collar. Not no collar,’ Danielle barked. ‘You don’t know it’s a lady.’
had babies, that’s why it’s all flabby like that.’ Kevin did sound like a
know.’ Danielle tapped her front tooth. Her notion of a detective was derived
mainly from Scooby-Doo.
‘We’ll call on everyone in the street and detect the owner. Kevin, you’re my
scrambled to his feet and stood next to Danielle, hands behind his back like a
of houses in this street,’ Sarah said.
went quiet as they digested this.
crosses the road as soon as he comes out,’ Nicola said at last. ‘He goes in a
straight line. If this cat does that, it lives there.’ She waved a hand at the
house behind them. A decorated Christmas tree sparkled in the window.
It’s down there,’ Danielle stated firmly.
can you be sure?’ Nicola asked.
‘I keep saying because I’m a detective. I’ll sling it behind there and people can work it out for themselves.’ Tiring of the operation, Danielle pointed at the memorial for the three dead policemen. She hauled up the cat in both hands. More blood spewed from its mouth. The children scattered like birds.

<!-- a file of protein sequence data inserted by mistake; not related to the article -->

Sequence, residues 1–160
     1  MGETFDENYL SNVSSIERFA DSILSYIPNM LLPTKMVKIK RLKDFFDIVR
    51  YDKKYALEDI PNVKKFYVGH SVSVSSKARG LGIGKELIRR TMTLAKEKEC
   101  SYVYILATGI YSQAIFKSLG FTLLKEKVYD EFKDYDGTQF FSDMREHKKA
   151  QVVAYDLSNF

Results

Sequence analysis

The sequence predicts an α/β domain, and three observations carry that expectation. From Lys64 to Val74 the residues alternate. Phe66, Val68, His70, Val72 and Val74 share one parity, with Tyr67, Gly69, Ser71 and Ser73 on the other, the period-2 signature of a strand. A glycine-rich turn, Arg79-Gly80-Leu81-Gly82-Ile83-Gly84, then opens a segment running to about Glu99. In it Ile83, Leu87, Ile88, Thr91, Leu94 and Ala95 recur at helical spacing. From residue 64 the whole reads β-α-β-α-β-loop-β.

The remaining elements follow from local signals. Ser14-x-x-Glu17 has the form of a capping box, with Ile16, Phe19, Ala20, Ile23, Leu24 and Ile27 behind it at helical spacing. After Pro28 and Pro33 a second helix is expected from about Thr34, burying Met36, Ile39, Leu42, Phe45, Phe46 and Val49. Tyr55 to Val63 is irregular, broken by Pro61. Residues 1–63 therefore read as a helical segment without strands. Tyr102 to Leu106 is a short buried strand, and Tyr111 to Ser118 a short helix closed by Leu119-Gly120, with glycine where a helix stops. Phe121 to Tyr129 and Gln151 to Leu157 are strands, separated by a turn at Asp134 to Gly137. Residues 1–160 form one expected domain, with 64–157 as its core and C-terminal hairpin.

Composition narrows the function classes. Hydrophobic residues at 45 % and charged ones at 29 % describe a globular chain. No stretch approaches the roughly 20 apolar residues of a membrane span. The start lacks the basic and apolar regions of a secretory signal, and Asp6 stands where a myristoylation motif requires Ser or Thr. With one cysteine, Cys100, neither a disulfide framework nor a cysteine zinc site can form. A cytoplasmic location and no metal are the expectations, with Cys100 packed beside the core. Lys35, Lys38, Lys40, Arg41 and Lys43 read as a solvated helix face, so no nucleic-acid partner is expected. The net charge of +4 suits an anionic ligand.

Jason did a war dance.
should tell the owner since you know it’s them in that house,’ Lee stepped in.
do it.’ Nicola went along the pavement to the house where Danielle had said
that the cat had lived.
dragged on her brother’s Harrington jacket. ‘Lee, I got to tell you a secret.’
At Halloween, the residents of Black Gale gather for a dinner party. As the only nine people living there, they’ve become close friends as well as neighbours.
They eat, drink and laugh. They play games and take photographs. But those photographs will be the last record of any of them.
Because by the next morning, the whole village has vanished.
With no bodies, no evidence and no clues, the mystery of what happened at Black Gale remains unsolved two and a half years on. But then the families of the missing turn to investigator David Raker – and their obsession becomes his.
What secrets were the neighbours keeping from their families – and from each other?
Were they really everything they seemed to be?
And is Raker looking for nine missing people – or nine dead bodies?
I received a copy of this book from Penguin UK – Michael Joseph Publishing via NetGalley in return for an honest review.
Investigator David Raker, who specialises in finding missing people is a driven, complex man, who seems to make both enemies and friends wherever he goes. Haunted by his past actions and losses, he is always looking over his shoulder. Empathetic, intelligent, and a risk taker, he is the person you want in your corner if you need to find the truth.
Nine people disappeared without a trace two and a half years ago, and now the son of one of the missing people wants Raker to investigate their disappearance. Over thirty years previously in Los Angeles, a female detective is hunting for a murderer, storylines seem unconnected, but as they both progress they converge and the historical illuminates the present.